What extensions the Pinegrow team is working on

Now that we invited developers to participate in developing Pinegrow extension, it’s a good idea to coordinate a bit in order to avoid multiple people/teams working on the same thing.

There is no problem in having many people trying to crack the same nut, each with their own approach and confidence that their solution will be the best - as long as this is an informed decision based on the awareness of what others, and especially the Pinegrow team, is doing.

We want to avoid situations where a developer would be creating extension for X and at the same time we would also be building the same feature, whereby decreasing the marketing potential of the developer’s extension.

So, for the sake of transparency, these are the extensions that Pinegrow team is currently building or planning to build in the near future:

  • Tailwind is gaining in popularity, so we are building a prototype integration to see well it could work with Pinegrow.
  • Support for responsive images will be implemented as a core Pinegrow feature.
  • Improved Blocks / Components where it will be possible to have per-component style / JS and only include that in the project if the component is actually used. This feature will also make it easier for other developers to create libraries with reusable blocks / components.

This is not the exhaustive list of what we’re doing, rather it’s a list of features that we are building that are good candidates for implementing as Pinegrow extensions.

And if you’re in doubt how the extension that you’re planning to build fits into the Pinegrow roadmap, just ask us about it.


Just to bump in here in case any experienced developers planning to build extensions for Pinegrow are watching this thread. I’d very much appreciate a Jekyll builder plugin for Pinegrow that is similar in execution to the native wordpress plugin. Personally I can work with the traditional command line interface of Jekyll (or, at least, I’m confident I can figure it out) but in my opnion this is a littlebit cumbursome to work with and I’d much rather integrate it into my existing Pinegrow workflow. Static sites have, in some specific cases, advantages over server driven sites (such as wordpress) and I’d like to offer this as an option to my clients. As it stands though, working in the command line would make such a project excruciatingly painstaking and it would also take longer to create than to make a simple wordpress theme with Pinegrow (which kind of negates the advantages these static sites can have) at least in my opinion. A Jekyll builder (or any other static site generator like Eleventy, Hugo, etc… For that matter, I’m not picky) for Pinegrow will change that though.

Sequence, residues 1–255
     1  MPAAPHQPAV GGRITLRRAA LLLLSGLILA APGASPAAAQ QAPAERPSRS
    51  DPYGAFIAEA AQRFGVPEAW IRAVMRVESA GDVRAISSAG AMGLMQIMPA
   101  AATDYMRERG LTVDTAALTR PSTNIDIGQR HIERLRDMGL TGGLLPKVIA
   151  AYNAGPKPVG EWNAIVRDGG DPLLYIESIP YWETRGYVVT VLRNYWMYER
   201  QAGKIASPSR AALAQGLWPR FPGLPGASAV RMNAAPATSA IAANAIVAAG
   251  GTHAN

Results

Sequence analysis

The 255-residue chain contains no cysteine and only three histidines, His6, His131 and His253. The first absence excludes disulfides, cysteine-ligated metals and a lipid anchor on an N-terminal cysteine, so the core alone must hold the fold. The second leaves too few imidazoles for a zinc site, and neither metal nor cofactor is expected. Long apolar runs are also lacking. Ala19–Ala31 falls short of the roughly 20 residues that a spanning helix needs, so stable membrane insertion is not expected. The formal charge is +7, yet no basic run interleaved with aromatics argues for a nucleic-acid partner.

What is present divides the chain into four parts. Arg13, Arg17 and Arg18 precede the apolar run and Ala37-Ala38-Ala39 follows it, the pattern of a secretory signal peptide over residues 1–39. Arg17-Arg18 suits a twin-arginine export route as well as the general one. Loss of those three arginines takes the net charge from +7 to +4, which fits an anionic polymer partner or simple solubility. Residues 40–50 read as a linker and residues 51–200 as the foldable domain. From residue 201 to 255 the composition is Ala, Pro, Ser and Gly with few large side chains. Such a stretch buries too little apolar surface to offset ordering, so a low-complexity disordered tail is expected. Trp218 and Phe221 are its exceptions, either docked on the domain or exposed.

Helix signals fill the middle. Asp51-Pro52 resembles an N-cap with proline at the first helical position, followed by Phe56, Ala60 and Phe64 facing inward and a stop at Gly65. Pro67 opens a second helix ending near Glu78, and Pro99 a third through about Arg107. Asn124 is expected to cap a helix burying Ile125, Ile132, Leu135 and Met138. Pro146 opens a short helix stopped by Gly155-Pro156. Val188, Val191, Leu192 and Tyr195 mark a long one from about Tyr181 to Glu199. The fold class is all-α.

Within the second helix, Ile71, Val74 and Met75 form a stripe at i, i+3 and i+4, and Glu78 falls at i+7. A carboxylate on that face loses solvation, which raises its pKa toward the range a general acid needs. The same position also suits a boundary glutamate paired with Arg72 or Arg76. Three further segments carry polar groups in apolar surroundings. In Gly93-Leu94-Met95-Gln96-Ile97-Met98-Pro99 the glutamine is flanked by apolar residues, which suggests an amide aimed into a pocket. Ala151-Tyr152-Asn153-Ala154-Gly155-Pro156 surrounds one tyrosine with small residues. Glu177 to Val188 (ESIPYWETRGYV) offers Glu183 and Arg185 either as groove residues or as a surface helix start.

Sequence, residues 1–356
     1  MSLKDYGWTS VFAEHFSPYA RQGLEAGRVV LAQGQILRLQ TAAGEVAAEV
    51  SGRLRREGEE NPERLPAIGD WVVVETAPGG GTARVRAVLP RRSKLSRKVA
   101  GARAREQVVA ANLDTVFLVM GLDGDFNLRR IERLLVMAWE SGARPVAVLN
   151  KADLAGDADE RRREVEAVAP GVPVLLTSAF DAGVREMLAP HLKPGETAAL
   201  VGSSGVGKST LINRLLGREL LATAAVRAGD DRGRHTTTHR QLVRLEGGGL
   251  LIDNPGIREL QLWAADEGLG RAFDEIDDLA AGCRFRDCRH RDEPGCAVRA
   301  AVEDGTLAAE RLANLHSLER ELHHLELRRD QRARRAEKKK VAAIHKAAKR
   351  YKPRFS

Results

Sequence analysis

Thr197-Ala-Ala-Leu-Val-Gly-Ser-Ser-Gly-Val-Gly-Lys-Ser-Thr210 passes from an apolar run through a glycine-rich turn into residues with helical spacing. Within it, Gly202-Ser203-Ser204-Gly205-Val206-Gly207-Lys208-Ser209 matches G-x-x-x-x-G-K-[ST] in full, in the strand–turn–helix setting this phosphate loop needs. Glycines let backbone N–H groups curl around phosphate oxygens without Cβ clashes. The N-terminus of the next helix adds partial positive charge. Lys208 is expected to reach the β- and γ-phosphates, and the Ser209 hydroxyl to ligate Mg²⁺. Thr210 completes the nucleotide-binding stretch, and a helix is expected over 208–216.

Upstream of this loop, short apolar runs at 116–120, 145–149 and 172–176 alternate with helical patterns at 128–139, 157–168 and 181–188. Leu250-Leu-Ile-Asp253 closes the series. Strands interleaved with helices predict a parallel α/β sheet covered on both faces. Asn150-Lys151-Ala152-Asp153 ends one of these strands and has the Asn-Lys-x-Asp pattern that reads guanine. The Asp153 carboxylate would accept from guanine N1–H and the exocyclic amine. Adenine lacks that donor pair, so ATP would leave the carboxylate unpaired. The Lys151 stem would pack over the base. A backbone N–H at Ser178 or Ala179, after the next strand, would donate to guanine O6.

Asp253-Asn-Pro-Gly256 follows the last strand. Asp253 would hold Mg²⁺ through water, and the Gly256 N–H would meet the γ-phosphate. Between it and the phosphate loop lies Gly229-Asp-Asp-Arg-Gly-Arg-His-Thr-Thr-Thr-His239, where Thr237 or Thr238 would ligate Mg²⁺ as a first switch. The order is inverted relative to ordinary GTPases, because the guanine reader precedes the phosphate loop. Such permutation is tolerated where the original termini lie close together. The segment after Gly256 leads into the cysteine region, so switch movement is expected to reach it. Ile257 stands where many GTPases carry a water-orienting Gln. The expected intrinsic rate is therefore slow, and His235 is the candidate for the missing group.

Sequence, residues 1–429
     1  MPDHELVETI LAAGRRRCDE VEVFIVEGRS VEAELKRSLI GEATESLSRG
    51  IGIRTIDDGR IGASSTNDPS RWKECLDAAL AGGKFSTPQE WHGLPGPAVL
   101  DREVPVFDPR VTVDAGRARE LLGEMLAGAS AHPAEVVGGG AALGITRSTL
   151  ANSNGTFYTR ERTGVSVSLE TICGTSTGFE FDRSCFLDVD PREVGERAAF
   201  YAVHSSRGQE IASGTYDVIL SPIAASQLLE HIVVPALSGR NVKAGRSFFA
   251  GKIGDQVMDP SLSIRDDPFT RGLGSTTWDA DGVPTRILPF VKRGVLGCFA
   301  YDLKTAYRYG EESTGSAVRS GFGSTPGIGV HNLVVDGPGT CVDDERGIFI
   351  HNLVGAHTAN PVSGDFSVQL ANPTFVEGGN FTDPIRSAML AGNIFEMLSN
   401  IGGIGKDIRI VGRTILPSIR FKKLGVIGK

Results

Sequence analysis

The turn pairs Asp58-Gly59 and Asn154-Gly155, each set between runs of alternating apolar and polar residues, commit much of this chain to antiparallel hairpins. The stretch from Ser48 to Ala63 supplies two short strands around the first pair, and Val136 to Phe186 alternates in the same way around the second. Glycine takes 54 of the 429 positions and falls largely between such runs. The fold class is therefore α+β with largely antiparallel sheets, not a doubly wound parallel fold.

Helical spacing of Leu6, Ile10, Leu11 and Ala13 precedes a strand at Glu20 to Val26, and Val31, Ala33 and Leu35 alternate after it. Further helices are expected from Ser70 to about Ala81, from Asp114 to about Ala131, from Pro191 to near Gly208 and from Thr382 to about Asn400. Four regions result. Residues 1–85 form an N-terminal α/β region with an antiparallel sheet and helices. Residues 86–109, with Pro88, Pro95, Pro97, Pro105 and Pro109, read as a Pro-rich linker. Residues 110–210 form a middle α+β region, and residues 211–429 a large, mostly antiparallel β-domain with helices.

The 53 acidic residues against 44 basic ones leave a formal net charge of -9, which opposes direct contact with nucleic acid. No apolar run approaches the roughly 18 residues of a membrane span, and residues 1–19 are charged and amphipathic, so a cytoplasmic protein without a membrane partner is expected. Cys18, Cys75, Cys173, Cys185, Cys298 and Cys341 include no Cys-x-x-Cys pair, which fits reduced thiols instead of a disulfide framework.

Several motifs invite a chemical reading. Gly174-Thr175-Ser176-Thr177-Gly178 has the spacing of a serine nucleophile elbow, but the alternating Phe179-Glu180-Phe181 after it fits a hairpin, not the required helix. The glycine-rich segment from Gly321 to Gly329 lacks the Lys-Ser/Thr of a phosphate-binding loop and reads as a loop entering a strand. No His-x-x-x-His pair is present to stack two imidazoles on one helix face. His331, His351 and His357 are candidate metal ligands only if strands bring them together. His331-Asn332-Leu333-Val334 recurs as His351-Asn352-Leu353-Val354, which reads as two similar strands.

@Roel who would work with the site in Pinegrow: developer or the client?

@matjaz I’m not entirely sure what you mean but the developer (that is, me) would work with the site in pinegrow, as I was refering to a potential jekyll plugin to be a development tool (like the WP plugin) as this would allow buildng the Jekyll site visually (which the command line nature of Jekyll doesn’t really allow for). For instance, defining headers, footers and body content as the wordpress “the content” action does in the wordpress builder. The client (at least in the scenario that I have in mind) would work in a static CMS (ideally) like for instance Forestry.io. Which is configured using Front matter (so the site could be made compatible using a potential static site interface in pinegrow which would presumably contain an action element to configure front matter seeing as it is an important aspect of static site generators). As I understand it, static site generators (or, at least Jekyll) are pretty similar to wordpress in the way that they handle data structures as there is usually a main “blog” data type which can be expanded by collections (similar to custom post types in Wordpress). So I imagine a Jekyll builder for Pinegrow (that would be ideal for me) to work in a pretty similar way to the pringrow wordpress builder, with the principle difference being that Jekyll generates its pages beforehand, instead of on server request (as static site generators do).

Off course, in a different scenario, I can see a client working within the built in pinegrow static CMS that is made compatible with Jekyll and can press a “build jekyll theme” button similar in concept to the “export wordpress theme” button in the wordpress builder. Though, the fact that the pinegrow built in static cms can only be used locally and doesn’t support a built in FTP or GIT push interface, makes this option (at least, in my humble opinion) not as valuable compared to the above scenario where you would use an online static site CMS such as Forestry.

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Just thinking out loud, but Jekyll is Ruby based. I think delivering a plugin that could add Ruby in a platform-agnostic manner might be difficult.

@RobM Not necessarilly. I don’t expect (nor think it would be a good idea) to add Jekyll functionality directly to Pinegrow (as Pinegrow is javascript based). However, linking the templating language Jekyll uses, namely Liquid, to Pinegrow in order to have a jekyll file generator may I think be feasible.